This box gets rid of the mounting ‘stick’ as well as removing a very obvious pinch point in the original design. Instead the motor is first mounted to a reinforcing cross, then screwed to the case. There’s more acrylic to crack… not that it won’t be any harder, since acrylic. The case is also shorter than the first

Here’s the parts of the new box after cutting. I picked some scrap dark green acrylic to make the spacer rings from this time. The “KITMOTTER” is actually vector-etched into the top plate on a setting just fast enough to break the white plastic coating. Normally all of this is peeled off, but the separated letters remained white, making for a good contrast.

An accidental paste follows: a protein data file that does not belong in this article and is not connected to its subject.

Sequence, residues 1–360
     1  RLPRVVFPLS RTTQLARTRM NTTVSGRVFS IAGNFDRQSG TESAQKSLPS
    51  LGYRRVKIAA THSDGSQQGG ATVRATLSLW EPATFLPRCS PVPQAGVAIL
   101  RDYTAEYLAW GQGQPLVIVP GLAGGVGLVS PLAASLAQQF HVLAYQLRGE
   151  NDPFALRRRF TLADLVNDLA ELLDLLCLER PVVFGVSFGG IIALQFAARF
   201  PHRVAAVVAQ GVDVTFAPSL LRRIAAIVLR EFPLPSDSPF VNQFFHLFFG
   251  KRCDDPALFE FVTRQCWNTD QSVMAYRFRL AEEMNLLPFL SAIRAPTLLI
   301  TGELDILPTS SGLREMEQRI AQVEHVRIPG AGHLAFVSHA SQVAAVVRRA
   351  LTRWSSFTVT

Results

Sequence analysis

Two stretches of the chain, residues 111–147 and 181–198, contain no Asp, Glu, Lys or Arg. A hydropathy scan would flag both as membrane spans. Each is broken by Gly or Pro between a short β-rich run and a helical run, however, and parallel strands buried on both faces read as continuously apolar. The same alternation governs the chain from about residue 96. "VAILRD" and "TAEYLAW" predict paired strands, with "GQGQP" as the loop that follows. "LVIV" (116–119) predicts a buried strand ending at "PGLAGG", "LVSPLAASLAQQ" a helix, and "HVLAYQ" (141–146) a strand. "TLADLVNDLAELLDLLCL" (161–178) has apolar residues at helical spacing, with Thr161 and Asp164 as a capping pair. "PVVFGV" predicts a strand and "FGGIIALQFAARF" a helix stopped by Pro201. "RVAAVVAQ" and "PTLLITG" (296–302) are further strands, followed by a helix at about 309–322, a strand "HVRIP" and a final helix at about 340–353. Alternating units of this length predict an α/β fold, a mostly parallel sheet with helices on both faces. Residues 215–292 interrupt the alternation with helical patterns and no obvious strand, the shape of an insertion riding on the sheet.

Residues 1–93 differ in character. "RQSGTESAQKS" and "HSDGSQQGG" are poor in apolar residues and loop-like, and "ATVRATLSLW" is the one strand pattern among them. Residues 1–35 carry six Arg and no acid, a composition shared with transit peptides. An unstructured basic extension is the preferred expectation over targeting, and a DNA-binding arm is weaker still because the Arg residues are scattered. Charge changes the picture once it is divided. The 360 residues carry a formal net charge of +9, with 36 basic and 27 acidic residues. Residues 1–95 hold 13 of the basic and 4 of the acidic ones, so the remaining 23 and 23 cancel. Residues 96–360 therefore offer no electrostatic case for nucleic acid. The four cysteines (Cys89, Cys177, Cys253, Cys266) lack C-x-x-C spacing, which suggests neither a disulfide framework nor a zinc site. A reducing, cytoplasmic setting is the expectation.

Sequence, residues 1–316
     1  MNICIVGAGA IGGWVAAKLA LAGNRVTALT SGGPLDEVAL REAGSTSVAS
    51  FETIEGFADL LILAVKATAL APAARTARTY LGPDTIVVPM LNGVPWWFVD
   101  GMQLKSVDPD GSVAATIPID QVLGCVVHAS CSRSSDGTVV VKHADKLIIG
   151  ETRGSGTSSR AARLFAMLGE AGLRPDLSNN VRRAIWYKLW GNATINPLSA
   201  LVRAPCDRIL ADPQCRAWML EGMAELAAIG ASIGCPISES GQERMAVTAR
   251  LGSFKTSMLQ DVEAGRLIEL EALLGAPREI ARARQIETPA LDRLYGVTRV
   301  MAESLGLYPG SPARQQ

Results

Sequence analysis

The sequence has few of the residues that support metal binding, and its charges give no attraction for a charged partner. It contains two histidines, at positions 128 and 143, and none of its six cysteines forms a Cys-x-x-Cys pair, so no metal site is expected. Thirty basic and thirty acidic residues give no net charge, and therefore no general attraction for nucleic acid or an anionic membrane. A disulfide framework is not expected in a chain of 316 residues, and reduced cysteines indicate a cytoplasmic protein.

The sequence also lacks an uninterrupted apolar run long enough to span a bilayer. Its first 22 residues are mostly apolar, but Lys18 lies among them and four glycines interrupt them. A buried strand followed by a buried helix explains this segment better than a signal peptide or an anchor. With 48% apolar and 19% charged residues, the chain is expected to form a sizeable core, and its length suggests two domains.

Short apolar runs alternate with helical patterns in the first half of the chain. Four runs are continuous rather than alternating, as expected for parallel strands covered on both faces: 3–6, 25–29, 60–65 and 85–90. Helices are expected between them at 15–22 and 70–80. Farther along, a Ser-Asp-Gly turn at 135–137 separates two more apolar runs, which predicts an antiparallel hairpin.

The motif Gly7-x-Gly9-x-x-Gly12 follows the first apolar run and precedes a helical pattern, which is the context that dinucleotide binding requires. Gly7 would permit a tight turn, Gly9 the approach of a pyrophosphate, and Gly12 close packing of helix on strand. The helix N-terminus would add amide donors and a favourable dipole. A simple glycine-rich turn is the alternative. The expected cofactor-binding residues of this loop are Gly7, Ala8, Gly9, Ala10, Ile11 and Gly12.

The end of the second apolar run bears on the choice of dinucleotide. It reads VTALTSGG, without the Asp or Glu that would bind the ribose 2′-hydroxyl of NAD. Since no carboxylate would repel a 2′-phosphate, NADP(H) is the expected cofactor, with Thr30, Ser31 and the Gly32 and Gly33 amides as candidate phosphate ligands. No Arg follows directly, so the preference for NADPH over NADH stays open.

But before any exterior remodeling, I first went in and fixed one thing about Kitmotter that has been wrong since the beginning: THE SENSORS ARE IN THE WRONG SLOTS. Actually, even worse – they have been in the wrong slots for every motor I’ve built which has internal sensors.

I have previously put the Hall sensors into the slot between two teeth of the same phase i e.g. between A and a, or b and B. The rationale being that when a magnet transition (edge between N and S poles) happens, that set of teeth will “pull” the magnets above it into direct alignment.